2023 The Year of the Index

Following a very difficult 2022, 2023 has proven to be similarly challenging, but thanks to the last few weeks is shaping up to deliver some OK returns.

Inflation is falling around the world, no big recession is yet to hit, energy prices are reasonable – what could go wrong!

Our fixed income funds have been rising steadily since July and equity markets have rallied sharply in recent weeks, turning what looked set to be a flat, no return year at the end of October into something more positive with just a couple of weeks left.

On a good year bad year basis, it’s been a good year for technology stocks, European and Japanese equities, high yield fixed income and Sterling.

It’s been a bad year for China, healthcare companies, index linked gilts (again), infrastructure, property, and active equity fund managers, who have generally all struggled to keep pace with the equity indices.

Here below are a selection of average fund sector returns (without advice or platform fees) for the last 12 months according to FE Analytics, along with Tideway’s Balanced Multi Asset and Fixed Income portfolios (after all Tideway and other fees) and the S&P 500 index in sterling.

Best Funds per sectio 2023

We will do a 2024 outlook piece in early January with our thoughts on where we go from here.

Anecdotally, Ursula and I recently took a lift to the ‘Look Out’ on the 50th floor of the newly completed 8 Bishopsgate. If you can bear to move to the windows, it is queasily high, you can look down on the old NatWest Tower, formerly the highest building in London and up at the even taller 22 Bishopsgate at 278m high, where there will soon be the opportunity to dine in Europe’s highest restaurant. A conversation with the 8 Bishopsgate security team revealed that across the 50 floors there were just two tenants. I’m sure there is a plan, but I am very glad we have zero exposure to city office commercial property! There is clearly still some adjustment taking place to the new cost of money and post pandemic hybrid working.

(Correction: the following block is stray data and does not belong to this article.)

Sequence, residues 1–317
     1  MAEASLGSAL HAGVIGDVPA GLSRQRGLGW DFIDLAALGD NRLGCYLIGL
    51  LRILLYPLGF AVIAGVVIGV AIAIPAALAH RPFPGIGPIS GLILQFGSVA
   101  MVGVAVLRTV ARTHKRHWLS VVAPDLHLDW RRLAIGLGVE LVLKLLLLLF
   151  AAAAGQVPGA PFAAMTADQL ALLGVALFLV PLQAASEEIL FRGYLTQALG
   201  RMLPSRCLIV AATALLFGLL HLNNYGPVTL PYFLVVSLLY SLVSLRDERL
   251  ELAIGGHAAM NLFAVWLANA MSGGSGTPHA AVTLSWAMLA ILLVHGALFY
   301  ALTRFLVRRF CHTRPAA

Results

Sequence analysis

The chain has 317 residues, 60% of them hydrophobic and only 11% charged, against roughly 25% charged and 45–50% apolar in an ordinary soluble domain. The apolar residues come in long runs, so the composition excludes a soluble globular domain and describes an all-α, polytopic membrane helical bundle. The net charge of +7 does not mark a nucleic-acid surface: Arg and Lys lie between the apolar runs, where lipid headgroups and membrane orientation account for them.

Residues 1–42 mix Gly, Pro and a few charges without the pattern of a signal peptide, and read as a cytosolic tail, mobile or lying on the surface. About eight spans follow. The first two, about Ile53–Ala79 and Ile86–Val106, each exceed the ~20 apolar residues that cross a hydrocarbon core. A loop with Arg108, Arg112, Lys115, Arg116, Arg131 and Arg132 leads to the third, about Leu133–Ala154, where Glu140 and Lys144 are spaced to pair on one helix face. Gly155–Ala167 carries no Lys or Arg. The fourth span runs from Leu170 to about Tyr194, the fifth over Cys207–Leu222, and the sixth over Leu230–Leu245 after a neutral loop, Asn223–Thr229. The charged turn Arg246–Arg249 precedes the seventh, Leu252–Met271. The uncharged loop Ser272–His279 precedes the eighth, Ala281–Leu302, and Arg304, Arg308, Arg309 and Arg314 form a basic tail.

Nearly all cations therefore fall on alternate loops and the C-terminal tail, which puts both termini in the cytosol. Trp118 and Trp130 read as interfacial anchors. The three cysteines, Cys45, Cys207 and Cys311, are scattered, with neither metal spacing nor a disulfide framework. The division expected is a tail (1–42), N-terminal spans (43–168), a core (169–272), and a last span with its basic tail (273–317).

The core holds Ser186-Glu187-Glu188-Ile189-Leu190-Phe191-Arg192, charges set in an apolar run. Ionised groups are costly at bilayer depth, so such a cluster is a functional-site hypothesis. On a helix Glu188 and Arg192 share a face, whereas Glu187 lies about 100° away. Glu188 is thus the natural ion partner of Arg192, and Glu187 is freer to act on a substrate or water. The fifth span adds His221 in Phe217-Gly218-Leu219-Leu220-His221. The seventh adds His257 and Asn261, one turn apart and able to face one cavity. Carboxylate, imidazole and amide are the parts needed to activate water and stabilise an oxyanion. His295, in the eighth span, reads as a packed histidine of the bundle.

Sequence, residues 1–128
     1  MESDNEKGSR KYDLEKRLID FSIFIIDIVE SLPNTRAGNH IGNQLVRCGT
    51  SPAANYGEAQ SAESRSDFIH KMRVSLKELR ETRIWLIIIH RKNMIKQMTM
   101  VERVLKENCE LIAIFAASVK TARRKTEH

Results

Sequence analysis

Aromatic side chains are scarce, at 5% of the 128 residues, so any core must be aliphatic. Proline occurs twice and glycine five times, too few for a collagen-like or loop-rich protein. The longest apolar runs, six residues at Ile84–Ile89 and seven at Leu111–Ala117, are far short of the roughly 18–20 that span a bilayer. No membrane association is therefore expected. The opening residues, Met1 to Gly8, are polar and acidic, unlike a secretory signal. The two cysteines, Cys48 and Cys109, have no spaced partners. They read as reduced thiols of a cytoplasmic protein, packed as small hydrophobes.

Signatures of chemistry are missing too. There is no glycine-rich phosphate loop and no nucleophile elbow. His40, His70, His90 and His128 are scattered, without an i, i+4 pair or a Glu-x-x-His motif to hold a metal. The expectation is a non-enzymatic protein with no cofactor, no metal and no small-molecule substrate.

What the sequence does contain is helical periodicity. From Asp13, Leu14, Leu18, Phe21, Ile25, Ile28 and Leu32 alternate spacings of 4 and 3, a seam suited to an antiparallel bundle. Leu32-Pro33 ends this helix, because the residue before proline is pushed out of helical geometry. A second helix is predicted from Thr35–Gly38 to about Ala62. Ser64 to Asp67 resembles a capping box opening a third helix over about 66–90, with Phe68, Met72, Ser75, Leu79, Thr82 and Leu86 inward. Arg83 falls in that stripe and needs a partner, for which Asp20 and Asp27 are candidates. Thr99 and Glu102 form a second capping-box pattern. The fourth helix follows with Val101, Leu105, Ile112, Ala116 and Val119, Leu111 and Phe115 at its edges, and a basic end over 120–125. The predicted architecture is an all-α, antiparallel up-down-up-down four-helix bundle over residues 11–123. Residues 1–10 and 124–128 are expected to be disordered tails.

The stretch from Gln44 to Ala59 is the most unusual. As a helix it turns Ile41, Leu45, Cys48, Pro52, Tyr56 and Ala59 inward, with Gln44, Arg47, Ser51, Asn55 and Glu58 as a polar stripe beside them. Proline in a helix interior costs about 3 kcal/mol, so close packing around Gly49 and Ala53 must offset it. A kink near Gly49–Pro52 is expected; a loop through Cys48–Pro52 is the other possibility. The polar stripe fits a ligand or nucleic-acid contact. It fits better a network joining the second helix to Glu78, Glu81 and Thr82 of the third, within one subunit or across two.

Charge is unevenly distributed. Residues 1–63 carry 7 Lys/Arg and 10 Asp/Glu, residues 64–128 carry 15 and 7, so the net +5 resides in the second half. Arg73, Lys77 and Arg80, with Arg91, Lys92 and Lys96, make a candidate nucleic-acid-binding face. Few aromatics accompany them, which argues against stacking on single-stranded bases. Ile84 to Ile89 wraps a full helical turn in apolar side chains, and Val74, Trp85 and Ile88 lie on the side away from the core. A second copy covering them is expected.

To Track the Index or Invest Actively in Equities?

In the second quarter of the year we sold one of our active US equity fund managers, who had repeatedly failed to match index returns and bought the S&P 500 index instead. In doing so we have captured an 11% return in the last 6 months and its quickly become our top performing fund.

We have been debating ever since whether to buy more of the index but have resisted. At the heart of our decision not to add further to the index holding are our concerns over concentration and valuations.

Historically buying an index tracking fund offered the opportunity for a diverse investment into a wide range of companies at low cost. In the last few years this has been steadily changing.

S&P 500 Concentration Fund

It does not really matter now whether you buy the Nasdaq index, the S&P 500 index or the MSCI World Index – all three indices are now dominated by a handful of US mega cap stocks, loosely described as tech stocks. We are familiar with the names.

Apple, Microsoft, Alphabet, Amazon, Nvidia, Meta and Tesla – the magnificent seven, collectively make up 44% of the Nasdaq index, 28% of the S&P 500 index and 19% of the MSCI world index.